U.S. dairy exports decreased but still historically strong

United States
Published Mar 9, 2021

Tridge summary

Despite getting off to a slower start than a year ago, January 2021 U.S. dairy exports were still the second highest on a volume basis and third highest on a value basis for any January in history, according to a monthly update from the U.S. Dairy Export Council (USDEC). As in recent months, port congestion, container and labor shortages, and a host of other shipping challenges appear to be undercutting U.S. agricultural exports – including dairy.

Original content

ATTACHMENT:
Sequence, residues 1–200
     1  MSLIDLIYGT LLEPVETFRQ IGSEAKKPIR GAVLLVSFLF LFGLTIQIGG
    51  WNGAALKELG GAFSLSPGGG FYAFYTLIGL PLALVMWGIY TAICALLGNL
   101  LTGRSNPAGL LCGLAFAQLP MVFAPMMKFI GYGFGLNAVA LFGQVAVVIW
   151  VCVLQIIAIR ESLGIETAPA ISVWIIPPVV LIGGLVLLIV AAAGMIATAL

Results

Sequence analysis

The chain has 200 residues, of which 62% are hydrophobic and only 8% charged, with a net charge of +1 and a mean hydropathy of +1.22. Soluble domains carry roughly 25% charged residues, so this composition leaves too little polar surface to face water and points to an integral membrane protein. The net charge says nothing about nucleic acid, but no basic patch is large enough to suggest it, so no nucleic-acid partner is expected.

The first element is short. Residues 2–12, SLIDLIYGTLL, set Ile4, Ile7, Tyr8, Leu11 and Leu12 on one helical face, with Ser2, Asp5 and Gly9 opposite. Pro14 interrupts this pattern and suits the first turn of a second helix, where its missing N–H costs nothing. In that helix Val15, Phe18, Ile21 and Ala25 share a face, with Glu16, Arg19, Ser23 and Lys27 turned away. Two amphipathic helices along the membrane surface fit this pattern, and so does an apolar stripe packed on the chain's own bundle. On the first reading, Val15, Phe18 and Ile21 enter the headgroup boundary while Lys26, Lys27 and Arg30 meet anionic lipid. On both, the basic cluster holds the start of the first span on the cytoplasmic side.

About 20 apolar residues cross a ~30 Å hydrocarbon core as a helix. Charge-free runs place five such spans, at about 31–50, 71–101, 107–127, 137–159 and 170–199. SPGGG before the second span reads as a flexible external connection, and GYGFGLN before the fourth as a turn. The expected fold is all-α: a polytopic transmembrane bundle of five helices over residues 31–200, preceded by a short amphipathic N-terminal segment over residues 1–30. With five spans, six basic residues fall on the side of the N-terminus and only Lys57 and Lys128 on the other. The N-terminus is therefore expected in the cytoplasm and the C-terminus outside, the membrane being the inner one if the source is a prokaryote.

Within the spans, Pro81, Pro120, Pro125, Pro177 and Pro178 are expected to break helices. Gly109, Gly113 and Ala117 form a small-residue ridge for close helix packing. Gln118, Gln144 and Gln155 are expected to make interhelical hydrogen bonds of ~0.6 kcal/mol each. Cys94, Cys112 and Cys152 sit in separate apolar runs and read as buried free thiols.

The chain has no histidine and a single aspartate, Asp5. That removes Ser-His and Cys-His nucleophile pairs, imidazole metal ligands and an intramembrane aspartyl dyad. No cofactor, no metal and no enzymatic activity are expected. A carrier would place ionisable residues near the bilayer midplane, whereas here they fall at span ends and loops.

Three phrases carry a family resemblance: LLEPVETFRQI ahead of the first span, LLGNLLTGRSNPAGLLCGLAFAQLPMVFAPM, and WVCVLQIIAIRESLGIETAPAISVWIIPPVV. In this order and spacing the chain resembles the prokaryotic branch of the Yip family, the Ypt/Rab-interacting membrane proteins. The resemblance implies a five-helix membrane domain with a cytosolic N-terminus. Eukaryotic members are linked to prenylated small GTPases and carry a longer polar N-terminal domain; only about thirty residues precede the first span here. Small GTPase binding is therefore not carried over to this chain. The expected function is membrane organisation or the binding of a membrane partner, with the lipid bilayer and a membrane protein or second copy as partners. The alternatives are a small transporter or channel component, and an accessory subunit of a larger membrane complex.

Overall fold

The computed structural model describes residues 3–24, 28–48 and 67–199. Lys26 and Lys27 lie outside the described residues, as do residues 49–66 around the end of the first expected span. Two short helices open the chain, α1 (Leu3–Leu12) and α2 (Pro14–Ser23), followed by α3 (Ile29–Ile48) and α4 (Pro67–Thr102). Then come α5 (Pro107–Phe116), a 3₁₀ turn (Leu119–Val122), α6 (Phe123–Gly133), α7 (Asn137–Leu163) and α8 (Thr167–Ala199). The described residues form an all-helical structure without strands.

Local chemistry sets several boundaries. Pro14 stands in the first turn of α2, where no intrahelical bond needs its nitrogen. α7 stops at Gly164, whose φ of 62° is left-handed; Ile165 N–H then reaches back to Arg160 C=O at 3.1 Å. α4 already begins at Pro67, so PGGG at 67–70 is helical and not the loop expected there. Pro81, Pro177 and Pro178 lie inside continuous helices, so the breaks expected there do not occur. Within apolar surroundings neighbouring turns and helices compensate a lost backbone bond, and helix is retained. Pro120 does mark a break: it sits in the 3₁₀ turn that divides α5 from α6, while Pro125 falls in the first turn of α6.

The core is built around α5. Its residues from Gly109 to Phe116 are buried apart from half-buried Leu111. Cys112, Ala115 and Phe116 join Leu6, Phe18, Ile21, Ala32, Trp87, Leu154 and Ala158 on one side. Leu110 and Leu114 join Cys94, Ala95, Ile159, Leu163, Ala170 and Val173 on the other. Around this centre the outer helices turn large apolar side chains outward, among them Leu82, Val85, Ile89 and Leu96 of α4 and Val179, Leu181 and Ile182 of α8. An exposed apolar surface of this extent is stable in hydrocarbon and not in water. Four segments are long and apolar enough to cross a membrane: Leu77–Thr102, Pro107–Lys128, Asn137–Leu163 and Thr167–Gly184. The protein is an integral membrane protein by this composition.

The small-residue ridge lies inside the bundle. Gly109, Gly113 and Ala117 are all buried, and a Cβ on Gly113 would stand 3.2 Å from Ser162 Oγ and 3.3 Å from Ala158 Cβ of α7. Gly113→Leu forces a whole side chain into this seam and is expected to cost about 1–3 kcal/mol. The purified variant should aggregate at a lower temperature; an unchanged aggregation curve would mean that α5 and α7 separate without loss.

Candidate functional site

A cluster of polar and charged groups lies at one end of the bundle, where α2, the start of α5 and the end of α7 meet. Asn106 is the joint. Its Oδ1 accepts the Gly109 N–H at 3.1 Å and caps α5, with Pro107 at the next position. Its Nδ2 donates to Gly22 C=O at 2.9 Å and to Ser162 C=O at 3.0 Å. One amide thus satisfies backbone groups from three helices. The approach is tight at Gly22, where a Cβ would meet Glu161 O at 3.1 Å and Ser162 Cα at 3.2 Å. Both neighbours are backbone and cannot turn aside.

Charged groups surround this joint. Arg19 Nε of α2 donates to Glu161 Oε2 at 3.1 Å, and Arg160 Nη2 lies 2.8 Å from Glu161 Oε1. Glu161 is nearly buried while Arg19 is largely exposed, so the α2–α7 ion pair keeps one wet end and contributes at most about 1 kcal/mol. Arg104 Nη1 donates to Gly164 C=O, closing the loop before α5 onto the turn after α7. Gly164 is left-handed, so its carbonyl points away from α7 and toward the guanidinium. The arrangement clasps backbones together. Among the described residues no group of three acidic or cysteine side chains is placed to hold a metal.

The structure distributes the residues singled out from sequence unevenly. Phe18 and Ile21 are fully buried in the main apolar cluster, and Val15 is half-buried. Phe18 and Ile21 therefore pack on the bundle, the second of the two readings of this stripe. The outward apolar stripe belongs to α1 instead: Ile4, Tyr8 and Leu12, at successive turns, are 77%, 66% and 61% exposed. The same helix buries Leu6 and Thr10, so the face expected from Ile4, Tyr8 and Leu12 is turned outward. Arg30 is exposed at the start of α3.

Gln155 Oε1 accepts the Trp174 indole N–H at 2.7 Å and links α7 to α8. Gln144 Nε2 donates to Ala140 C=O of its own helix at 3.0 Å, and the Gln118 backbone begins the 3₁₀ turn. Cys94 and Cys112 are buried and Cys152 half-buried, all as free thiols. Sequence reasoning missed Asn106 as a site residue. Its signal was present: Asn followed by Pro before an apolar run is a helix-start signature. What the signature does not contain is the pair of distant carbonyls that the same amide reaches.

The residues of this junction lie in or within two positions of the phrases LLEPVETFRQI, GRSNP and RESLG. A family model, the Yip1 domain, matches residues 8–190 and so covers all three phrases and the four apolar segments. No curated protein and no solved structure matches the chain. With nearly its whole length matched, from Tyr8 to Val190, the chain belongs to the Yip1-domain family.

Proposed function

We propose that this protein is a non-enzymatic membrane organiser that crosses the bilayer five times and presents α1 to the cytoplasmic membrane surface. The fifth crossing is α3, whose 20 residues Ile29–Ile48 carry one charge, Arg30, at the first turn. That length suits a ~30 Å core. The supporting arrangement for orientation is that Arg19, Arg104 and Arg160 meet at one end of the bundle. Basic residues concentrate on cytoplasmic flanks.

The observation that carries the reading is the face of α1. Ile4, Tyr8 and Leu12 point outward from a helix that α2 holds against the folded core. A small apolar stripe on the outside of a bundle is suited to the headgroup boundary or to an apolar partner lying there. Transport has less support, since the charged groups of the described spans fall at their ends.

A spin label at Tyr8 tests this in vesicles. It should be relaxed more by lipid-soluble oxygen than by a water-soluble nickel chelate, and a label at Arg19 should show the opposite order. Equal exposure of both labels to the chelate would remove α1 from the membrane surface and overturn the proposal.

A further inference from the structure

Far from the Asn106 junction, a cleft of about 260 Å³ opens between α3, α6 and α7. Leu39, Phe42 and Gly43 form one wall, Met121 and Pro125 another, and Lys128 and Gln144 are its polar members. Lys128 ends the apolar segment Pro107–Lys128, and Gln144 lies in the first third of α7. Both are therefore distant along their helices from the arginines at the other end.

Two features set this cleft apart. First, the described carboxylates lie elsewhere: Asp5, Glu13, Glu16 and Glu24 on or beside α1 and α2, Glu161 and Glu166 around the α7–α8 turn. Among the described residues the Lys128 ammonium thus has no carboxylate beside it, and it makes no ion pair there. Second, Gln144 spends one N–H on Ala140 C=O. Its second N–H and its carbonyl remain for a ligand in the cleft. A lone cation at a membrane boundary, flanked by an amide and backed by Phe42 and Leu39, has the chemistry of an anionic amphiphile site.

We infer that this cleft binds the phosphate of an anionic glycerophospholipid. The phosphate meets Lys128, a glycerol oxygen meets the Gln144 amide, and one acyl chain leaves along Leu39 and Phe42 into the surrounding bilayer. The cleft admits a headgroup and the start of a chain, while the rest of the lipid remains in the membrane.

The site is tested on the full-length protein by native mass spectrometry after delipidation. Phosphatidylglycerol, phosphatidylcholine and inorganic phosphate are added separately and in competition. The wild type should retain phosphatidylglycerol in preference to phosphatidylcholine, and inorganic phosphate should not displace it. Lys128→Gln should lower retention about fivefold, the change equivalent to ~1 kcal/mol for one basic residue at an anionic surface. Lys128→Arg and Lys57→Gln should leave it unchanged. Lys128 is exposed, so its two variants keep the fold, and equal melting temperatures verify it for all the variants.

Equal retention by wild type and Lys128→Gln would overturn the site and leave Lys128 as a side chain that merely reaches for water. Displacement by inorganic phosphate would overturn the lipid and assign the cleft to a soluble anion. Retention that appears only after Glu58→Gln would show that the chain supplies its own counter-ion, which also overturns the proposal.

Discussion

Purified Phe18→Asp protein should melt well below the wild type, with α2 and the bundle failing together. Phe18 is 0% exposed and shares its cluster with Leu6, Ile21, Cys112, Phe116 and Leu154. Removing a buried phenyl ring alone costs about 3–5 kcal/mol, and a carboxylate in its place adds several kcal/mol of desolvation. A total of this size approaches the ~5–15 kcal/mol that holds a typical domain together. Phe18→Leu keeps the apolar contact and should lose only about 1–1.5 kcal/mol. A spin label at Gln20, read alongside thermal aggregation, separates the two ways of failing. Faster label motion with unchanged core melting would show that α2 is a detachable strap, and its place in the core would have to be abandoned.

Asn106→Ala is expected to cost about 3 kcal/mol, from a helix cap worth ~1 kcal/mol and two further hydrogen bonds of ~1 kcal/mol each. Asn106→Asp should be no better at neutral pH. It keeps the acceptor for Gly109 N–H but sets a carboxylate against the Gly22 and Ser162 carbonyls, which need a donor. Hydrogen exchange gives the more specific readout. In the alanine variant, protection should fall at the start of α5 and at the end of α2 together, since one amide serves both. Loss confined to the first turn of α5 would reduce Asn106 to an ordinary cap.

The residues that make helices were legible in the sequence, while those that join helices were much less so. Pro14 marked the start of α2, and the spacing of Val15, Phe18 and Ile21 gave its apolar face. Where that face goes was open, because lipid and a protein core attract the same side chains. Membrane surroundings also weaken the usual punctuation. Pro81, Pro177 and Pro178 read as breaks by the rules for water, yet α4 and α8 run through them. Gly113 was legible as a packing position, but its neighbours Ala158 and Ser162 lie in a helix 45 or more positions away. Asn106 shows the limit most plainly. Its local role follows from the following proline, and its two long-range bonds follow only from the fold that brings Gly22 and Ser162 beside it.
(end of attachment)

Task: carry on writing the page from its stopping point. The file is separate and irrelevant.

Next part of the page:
Reduced demand from Mexico also took a toll when compared to a year ago. Here’s a look at the latest topline numbers and issues identified by the USDEC. Volume basis: On a milk solids equivalent basis, January 2021 exports were estimated at 161,000 metric tons (MT), down about 5% from January 2020. The USDEC attributes much of that total decline to a 10% drop in nonfat dry milk and skim milk powder exports due to ongoing U.S. port issues, even as U.S. prices remain competitive on the global market. Among other major products, cheese and lactose exports were also lower. Whey exports marked a 14th straight month of growth, and butterfat exports jumped 80%, driven primarily by sales to the Middle East-North Africa region. Value basis: At $505.5 million, the value of January exports was down about 9% from the same month a year earlier due to lower volumes and prices. The main themes from January’s export data are likely to persist in the next few months, according to USDEC. Positives ...
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